There’s a handful of “underground” manga in English, most of it fairly interesting. I’ve always hated the designation “underground manga” since it feels like a marketing term, but it’s a neat category for any book that doesn’t fit in with the genre and age group tropes you find in most manga. Yoshihiro Tatsumi is probably the most widely-read and has the largest body of work available in English. There’s also a handful of books by artists like Yusaku Hanakuma (Tokyo Zombie), Imiri Sakabashira (The Box Man), Seiichi Hayashi (Red-Colored Elegy), and Yuichi Yokoyama (Travel). Those artists all range from thematically and visually similar to Yoshihiro Tatsumi to… much more out there, to say the least. But one of the most infamous is Suehiro Maruo. He is first and foremost a fantastic illustrator. Favoring the time period from 1910-1930, his work usually has a modern antique feel to the settings, clothing, and characters. He has a very stiff, ornate drawing style that is clearly inspired by Japanese ukiyo-e work, but the period flourishes and accurate figure drawing make it feel very western. But most people walk away from his books remembering the outlandish but beautifully-rendered violence. Violence so intense, in fact, that I had trouble finding a good example for the header that wasn’t too gross to put above a cut. Because he is an illustrator first, his comics don’t flow that well, but his panels are frequently interrupted by bizarre, very shocking tableau.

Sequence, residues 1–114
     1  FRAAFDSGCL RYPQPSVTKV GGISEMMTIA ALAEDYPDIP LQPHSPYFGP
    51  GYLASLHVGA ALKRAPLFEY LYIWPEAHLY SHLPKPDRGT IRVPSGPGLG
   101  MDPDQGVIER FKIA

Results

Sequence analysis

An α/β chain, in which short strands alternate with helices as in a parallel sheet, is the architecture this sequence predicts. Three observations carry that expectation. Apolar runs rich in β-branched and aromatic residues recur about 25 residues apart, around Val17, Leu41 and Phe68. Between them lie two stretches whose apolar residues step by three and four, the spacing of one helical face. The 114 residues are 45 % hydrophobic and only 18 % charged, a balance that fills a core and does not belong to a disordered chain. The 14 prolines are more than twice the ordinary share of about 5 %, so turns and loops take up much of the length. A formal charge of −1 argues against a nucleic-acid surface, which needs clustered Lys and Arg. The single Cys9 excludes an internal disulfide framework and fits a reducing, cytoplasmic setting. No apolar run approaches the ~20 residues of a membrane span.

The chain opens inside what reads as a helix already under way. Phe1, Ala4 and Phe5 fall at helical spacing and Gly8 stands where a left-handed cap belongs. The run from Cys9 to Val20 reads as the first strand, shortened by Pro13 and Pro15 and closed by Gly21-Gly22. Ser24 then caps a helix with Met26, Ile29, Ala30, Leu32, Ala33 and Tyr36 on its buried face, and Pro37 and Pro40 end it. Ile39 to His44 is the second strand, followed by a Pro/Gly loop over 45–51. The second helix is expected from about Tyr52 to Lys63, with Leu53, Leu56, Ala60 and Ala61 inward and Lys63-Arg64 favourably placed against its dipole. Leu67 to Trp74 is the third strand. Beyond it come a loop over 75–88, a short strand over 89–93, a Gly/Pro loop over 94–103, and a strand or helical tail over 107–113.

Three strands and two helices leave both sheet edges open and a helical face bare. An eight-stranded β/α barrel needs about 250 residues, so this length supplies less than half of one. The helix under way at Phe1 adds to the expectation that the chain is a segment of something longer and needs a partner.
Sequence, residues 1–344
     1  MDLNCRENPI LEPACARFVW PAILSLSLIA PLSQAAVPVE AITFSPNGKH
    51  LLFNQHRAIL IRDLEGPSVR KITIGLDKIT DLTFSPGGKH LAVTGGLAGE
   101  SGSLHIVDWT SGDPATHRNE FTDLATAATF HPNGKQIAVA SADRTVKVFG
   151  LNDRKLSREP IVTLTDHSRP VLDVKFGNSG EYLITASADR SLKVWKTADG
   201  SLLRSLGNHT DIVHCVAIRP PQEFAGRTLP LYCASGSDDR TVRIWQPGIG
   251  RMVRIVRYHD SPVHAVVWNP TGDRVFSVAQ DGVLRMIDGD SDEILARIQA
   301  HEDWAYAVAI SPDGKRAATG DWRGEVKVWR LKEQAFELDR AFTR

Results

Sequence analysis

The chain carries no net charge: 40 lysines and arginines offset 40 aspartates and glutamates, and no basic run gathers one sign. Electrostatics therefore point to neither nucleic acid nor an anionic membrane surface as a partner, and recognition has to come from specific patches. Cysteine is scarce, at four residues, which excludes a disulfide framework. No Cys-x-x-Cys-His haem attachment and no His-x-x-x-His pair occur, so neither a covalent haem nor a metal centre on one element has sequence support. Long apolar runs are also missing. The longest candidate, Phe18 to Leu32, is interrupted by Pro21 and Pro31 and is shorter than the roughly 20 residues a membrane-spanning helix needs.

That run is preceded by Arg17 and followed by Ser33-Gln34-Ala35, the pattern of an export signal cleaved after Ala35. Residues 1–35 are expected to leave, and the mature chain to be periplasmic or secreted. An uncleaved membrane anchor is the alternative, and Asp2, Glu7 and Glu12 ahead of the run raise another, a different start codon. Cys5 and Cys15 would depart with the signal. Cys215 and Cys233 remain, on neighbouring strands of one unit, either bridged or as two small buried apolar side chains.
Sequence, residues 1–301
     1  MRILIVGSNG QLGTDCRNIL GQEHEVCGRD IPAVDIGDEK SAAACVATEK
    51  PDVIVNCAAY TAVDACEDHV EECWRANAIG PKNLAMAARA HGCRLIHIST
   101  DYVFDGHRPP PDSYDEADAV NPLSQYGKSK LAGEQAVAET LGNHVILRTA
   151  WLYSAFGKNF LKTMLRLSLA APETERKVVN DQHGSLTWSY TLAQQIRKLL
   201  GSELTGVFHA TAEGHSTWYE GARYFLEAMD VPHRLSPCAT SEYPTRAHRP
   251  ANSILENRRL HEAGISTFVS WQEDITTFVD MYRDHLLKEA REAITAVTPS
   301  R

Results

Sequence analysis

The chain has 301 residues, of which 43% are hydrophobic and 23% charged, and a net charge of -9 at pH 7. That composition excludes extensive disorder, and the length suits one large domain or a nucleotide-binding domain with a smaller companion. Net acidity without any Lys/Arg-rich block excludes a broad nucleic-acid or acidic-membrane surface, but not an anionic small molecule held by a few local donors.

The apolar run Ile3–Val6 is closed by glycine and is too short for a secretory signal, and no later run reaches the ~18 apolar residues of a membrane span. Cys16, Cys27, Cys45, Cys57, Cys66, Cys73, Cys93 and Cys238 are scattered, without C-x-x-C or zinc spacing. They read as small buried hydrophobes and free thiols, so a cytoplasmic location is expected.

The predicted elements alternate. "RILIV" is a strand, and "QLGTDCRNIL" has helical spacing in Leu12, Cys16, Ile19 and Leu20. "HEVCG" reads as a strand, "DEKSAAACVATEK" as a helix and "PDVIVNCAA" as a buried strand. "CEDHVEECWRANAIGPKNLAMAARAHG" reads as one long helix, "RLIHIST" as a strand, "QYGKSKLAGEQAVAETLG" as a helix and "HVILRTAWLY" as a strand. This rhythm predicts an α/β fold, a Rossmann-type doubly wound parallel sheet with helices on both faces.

Only three volumes of his work have been translated into English. I mention them all here, mainly because The Strange Tale of Panorama Island came out a couple weeks ago, and it’s worth reading. For the curious, there’s also a Maruo short story in the collection Comics Underground Japan called “Planet of the Jap,” a bleak and violent what-if story about Japan winning WWII that is not for the faint of heart.